Ravens played it safe, leaving their best playmakers idle, frustrated
Soon after the Ravens beat the Cincinnati Bengals on Sunday, coach John Harbaugh and quarterback Joe Flacco were looking for answers to explain why the offense stalled again.
One could be found in the game summary: In 66 offensive plays for the Ravens, wide receivers Steve Smith Sr. and Mike Wallace touched the ball only eight times.
No wonder the Ravens had to rely on four field goals from Justin Tucker. And that explains why Smith was out of the locker room after the game as fast as he gets to and from the line of scrimmage in a two-minute offense.
It’s hard to explain how this happened.
“It just felt like we got a little bit conservative,” Flacco said of the erratic offense. “We lost our tempo a little bit.”
They lost Wallace and Smith, too. They might not be as impactful as stud wide receivers such as the Dallas
Cowboys’ Dez Bryant or the Bengals’ A.J. Green, but they are the top playmakers on this team. The general rule, from recreation leagues to the NFL, is that your top scoring threats have to touch the ball.
Smith had four catches for 20 yards and Wallace had three for 57. Each was targeted just four times (Wallace also had a run for minus-1 yard).
In comparison, tight end Dennis Pitta and fullback Kyle Juszczyk combined for six receptions on 10 targets for 52 yards. It was apparently “check-down Sunday” for Flacco, who threw to running backs Kenneth Dixon and Terrance West (Towson University, Northwestern High) a combined eight times for 47 yards.
If the Ravens wanted to know why Wallace and Smith looked uninterested Sunday, it’s because either Flacco or the coaching staff took them out of the offense. It didn’t make a lot of sense. It’s understandable why the Ravens had a conservative game plan going in, because the Bengals were without their star wide receiver (Green), top reserve running back Giovani Bernard and starting right offensive tackle.
In addition, the Bengals and their two-deep coverage have caused Flacco problems the past couple of years, so the coaching staff wanted to make him as comfortable as possible, especially since he’s been struggling this season.
But the Ravens still could have done more to incorporate Wallace and Smith. The Ravens could have played it safe and still used them on hitches, slants and quick screens. They could have used them in simple running plays, such as jet sweeps or end-arounds.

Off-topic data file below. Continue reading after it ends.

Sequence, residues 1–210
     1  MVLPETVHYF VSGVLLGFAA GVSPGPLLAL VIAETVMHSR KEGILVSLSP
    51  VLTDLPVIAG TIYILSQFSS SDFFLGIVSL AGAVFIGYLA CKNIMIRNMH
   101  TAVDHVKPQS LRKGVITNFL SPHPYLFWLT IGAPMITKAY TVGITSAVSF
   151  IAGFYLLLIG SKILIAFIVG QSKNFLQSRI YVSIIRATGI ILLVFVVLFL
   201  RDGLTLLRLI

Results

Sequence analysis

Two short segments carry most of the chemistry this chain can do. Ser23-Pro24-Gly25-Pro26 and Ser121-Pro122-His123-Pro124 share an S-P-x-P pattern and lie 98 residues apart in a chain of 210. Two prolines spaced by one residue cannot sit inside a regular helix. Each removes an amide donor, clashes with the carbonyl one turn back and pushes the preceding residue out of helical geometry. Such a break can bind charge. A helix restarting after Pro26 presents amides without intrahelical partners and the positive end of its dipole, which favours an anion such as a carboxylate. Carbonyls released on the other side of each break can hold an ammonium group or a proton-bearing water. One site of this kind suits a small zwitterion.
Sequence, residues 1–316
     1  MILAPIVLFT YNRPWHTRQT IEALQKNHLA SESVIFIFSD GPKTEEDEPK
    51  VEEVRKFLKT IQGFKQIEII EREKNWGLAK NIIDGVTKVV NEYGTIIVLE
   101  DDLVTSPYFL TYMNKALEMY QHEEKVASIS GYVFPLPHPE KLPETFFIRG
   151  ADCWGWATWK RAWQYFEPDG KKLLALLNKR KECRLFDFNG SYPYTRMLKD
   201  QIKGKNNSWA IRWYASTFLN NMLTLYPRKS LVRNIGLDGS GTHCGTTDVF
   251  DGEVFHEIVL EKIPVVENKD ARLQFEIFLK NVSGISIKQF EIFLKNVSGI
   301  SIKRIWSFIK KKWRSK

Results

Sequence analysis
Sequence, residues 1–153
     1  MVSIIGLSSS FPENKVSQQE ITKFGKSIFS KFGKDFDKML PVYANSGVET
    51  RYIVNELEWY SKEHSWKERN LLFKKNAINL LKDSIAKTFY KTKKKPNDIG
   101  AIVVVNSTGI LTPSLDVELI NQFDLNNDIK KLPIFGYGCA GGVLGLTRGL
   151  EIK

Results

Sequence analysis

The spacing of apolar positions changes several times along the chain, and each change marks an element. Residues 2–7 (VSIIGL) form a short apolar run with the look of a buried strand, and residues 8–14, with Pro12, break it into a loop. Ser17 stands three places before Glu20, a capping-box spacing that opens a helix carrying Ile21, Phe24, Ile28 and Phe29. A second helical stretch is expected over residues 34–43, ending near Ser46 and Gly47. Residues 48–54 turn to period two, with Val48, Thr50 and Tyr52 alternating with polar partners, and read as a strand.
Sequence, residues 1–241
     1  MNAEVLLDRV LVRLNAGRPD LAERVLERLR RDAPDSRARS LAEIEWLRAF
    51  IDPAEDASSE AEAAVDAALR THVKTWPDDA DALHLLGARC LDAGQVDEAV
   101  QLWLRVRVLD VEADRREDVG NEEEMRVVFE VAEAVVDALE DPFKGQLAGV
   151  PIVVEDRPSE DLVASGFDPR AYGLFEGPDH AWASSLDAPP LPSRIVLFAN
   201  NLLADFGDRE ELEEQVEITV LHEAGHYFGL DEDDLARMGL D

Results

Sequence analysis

Smith can break long runs after the catch, and Wallace is great to watch when he catches a short pass in stride and outruns everyone around the corner. But we saw little of that Sunday. It was dumpoff, dumpoff and dump off some more.
In the NFL, few teams have the ability to put together several long drives per game, so big plays are a necessity. Juszczyk and Pitta aren’t going to make those types of plays, but Smith and Wallace can.
Wallace is averaging 15.5 yards a catch this season; Pitta 8.4. Smith has 48 catches for 536 yards and three touchdowns; Juszczyk has 28 for 188 yards and no touchdowns. There is no element of surprise because Flacco usually passes to Juszczyk when he enters a game.
Why weren’t the Ravens creative enough to get Wallace and Smith the ball?
Maybe Flacco is to blame. He doesn’t often audible, and the game plan appears to be less complex every week. Despite ample time Sunday on most passing plays, Flacco threw to either his first read or his check-down receiver.
Receivers who are second and third options will get tired of running routes when Flacco fails to go through his progressions and just eyes up two targets. I bet that’s what irked Smith and Wallace on Sunday.
Smith didn’t play well, and his penalties hurt the team. His arguments with opposing players seemed to take him out of his game.
But Smith is a hard-nosed competitor. He is a potential Hall of Famer with a resume that has earned him the right to touch the ball. Wallace is one of the faster wide receivers in the NFL and can turn a little into a lot.
OnSunday, the Ravens forgot them. Maybe it was an aberration.
This week against the Miami Dolphins, let’s see if they remember.
Wide receivers Mike Wallace, above, and Steve Smith Sr. were targeted just four times each in Sunday’s game.